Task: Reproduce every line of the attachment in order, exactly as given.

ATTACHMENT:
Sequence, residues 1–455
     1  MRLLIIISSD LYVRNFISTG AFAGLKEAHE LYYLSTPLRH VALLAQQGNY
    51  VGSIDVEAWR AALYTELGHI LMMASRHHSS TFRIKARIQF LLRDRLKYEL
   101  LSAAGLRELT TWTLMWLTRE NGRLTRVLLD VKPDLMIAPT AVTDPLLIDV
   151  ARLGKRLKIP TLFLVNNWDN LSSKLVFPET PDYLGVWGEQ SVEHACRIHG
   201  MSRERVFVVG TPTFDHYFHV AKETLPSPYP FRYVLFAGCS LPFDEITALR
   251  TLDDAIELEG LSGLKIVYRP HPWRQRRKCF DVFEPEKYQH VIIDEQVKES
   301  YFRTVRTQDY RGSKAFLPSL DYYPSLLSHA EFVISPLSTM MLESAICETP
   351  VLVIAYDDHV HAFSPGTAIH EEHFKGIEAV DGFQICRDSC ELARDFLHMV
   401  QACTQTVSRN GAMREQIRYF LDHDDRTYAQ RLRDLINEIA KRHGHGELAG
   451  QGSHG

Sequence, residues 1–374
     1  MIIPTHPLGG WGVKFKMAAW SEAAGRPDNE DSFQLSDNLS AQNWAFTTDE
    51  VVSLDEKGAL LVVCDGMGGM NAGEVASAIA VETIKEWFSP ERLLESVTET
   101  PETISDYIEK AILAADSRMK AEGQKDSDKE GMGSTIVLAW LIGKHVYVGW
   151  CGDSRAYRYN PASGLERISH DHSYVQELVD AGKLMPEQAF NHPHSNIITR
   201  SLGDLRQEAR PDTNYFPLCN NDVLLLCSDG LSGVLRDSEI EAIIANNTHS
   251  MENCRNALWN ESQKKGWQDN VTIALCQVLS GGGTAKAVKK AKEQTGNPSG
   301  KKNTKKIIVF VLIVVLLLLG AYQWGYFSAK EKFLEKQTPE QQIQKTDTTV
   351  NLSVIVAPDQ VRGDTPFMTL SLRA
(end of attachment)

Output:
Sequence, residues 1–455
     1  MRLLIIISSD LYVRNFISTG AFAGLKEAHE LYYLSTPLRH VALLAQQGNY
    51  VGSIDVEAWR AALYTELGHI LMMASRHHSS TFRIKARIQF LLRDRLKYEL
   101  LSAAGLRELT TWTLMWLTRE NGRLTRVLLD VKPDLMIAPT AVTDPLLIDV
   151  ARLGKRLKIP TLFLVNNWDN LSSKLVFPET PDYLGVWGEQ SVEHACRIHG
   201  MSRERVFVVG TPTFDHYFHV AKETLPSPYP FRYVLFAGCS LPFDEITALR
   251  TLDDAIELEG LSGLKIVYRP HPWRQRRKCF DVFEPEKYQH VIIDEQVKES
   301  YFRTVRTQDY RGSKAFLPSL DYYPSLLSHA EFVISPLSTM MLESAICETP
   351  VLVIAYDDHV HAFSPGTAIH EEHFKGIEAV DGFQICRDSC ELARDFLHMV
   401  QACTQTVSRN GAMREQIRYF LDHDDRTYAQ RLRDLINEIA KRHGHGELAG
   451  QGSHG

Sequence, residues 1–374
     1  MIIPTHPLGG WGVKFKMAAW SEAAGRPDNE DSFQLSDNLS AQNWAFTTDE
    51  VVSLDEKGAL LVVCDGMGGM NAGEVASAIA VETIKEWFSP ERLLESVTET
   101  PETISDYIEK AILAADSRMK AEGQKDSDKE GMGSTIVLAW LIGKHVYVGW
   151  CGDSRAYRYN PASGLERISH DHSYVQELVD AGKLMPEQAF NHPHSNIITR
   201  SLGDLRQEAR PDTNYFPLCN NDVLLLCSDG LSGVLRDSEI EAIIANNTHS
   251  MENCRNALWN ESQKKGWQDN VTIALCQVLS GGGTAKAVKK AKEQTGNPSG
   301  KKNTKKIIVF VLIVVLLLLG AYQWGYFSAK EKFLEKQTPE QQIQKTDTTV
   351  NLSVIVAPDQ VRGDTPFMTL SLRA